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MADISON —  Federal Emergency Management Agency (FEMA) has issued a major disaster declaration for 17 Wisconsin counties and two tribes affected by severe storms, tornadoes, and flooding in July.

Gov. Tony Evers formally requested a federal disaster declaration last week for the affected areas. The counties named in the declaration are Barron, Clark, Forest, La Crosse, Langlade, Menominee, Monroe, Oconto, Oneida, Outagamie, Polk, Portage, Rusk, Shawano, Vernon, Waupaca and Wood. The Menominee Indian Tribe of Wisconsin and the St. Croix Chippewa Indians of Wisconsin were also included. 

Marinette County was included in the governor’s request letter but is still under review by FEMA.

“We are glad the federal government moved quickly to approve disaster assistance for folks that were devastated by the severe storms last month,” said Gov. Evers. “This is an important step in helping communities across our state rebuild and recover.”

Tuesday’s declaration allows local governments affected by the storms occurring July 18-20, 2019, to apply for assistance, which will help communities recover some of the costs incurred through emergency protective measures, repairing infrastructure, and removing debris.

“We will work closely with FEMA to help the impacted tribes and counties listed in the declaration receive federal disaster assistance as quickly as possible,” said Maj. Gen. Don Dunbar, adjutant general and Wisconsin’s Homeland Security Advisor.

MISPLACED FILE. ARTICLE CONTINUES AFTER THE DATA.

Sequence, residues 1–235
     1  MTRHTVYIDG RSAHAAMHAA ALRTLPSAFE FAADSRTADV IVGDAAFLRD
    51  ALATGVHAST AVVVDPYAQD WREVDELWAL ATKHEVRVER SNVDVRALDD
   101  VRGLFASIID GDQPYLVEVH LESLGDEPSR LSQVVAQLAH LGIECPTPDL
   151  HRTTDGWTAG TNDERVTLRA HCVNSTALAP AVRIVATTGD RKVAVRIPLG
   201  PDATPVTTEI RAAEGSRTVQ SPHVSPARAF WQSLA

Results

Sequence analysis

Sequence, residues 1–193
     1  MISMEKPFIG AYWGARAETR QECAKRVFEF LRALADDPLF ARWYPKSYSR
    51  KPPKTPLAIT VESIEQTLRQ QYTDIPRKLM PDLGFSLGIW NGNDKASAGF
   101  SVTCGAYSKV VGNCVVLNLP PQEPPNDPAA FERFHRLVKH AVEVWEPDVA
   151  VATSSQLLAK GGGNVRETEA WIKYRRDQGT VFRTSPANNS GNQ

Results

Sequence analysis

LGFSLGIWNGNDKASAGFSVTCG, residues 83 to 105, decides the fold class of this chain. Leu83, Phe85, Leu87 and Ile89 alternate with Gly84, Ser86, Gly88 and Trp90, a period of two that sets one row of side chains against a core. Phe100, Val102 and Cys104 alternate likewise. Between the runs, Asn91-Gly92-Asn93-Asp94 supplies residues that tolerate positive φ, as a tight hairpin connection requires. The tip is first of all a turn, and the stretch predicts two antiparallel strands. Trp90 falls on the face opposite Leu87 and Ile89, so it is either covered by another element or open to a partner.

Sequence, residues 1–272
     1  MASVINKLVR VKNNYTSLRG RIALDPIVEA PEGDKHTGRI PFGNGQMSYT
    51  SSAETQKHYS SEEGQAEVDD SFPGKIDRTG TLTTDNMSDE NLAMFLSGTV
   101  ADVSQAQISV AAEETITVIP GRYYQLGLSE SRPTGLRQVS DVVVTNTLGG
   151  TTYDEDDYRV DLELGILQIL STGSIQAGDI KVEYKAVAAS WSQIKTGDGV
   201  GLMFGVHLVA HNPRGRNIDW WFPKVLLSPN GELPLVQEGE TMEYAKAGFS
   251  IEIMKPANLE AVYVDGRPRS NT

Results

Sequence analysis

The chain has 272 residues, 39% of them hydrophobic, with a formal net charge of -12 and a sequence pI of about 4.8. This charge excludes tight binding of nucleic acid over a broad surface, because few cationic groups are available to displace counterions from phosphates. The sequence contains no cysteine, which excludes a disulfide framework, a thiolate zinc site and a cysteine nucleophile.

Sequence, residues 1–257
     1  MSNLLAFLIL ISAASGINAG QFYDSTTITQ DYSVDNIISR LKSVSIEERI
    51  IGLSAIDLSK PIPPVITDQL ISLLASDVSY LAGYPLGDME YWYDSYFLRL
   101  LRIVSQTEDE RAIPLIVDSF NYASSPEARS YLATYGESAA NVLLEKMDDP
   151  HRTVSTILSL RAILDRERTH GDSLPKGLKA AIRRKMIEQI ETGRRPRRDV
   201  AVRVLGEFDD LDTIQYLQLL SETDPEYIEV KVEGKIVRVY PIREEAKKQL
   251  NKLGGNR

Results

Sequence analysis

Multiple rounds of storms beginning on July 18 and continuing through July 20 brought heavy rain and flash flooding. Strong winds with speeds up to 100 mph downed hundreds of thousands of trees and numerous power lines. Two people were killed during cleanup following the storms. In addition, more than 300,000 customers were without power for days.

The major disaster declaration is for Public Assistance, which covers eligible projects submitted by counties, cities, townships, and certain private, not-for-profit organizations. The program is not for businesses or homeowners as the level of damage in these areas, unfortunately, does not currently meet requirements for federal relief.

“We are pleased that this declaration has been approved. The communities impacted by the storms have shown great resilience on the road to recovery,” said Dr. Darrell L. Williams, WEM Administrator. “This declaration is a huge step toward helping those communities rebuild after such as devastating loss.”

Local governments are now eligible for federal assistance and should contact county or tribal emergency management directors for further information. Under the program, FEMA provides 75 percent of eligible costs, while state and local agencies share the remaining 25 percent.

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